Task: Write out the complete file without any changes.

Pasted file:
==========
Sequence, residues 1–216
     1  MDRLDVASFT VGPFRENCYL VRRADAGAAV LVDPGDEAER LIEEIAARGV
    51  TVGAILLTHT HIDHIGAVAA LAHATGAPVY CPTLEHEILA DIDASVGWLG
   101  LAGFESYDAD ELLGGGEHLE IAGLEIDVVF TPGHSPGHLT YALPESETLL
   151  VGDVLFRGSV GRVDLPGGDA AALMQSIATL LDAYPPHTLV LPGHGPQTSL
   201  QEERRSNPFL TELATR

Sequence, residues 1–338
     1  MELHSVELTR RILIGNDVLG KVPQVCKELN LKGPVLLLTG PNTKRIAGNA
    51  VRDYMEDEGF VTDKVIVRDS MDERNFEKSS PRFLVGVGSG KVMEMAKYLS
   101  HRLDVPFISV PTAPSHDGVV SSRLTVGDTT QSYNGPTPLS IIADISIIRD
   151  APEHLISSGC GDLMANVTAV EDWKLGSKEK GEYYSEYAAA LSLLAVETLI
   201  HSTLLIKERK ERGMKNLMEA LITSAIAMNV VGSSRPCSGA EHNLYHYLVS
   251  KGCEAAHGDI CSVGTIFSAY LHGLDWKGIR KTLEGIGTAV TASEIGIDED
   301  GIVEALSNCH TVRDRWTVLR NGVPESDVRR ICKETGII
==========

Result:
Sequence, residues 1–216
     1  MDRLDVASFT VGPFRENCYL VRRADAGAAV LVDPGDEAER LIEEIAARGV
    51  TVGAILLTHT HIDHIGAVAA LAHATGAPVY CPTLEHEILA DIDASVGWLG
   101  LAGFESYDAD ELLGGGEHLE IAGLEIDVVF TPGHSPGHLT YALPESETLL
   151  VGDVLFRGSV GRVDLPGGDA AALMQSIATL LDAYPPHTLV LPGHGPQTSL
   201  QEERRSNPFL TELATR

Sequence, residues 1–338
     1  MELHSVELTR RILIGNDVLG KVPQVCKELN LKGPVLLLTG PNTKRIAGNA
    51  VRDYMEDEGF VTDKVIVRDS MDERNFEKSS PRFLVGVGSG KVMEMAKYLS
   101  HRLDVPFISV PTAPSHDGVV SSRLTVGDTT QSYNGPTPLS IIADISIIRD
   151  APEHLISSGC GDLMANVTAV EDWKLGSKEK GEYYSEYAAA LSLLAVETLI
   201  HSTLLIKERK ERGMKNLMEA LITSAIAMNV VGSSRPCSGA EHNLYHYLVS
   251  KGCEAAHGDI CSVGTIFSAY LHGLDWKGIR KTLEGIGTAV TASEIGIDED
   301  GIVEALSNCH TVRDRWTVLR NGVPESDVRR ICKETGII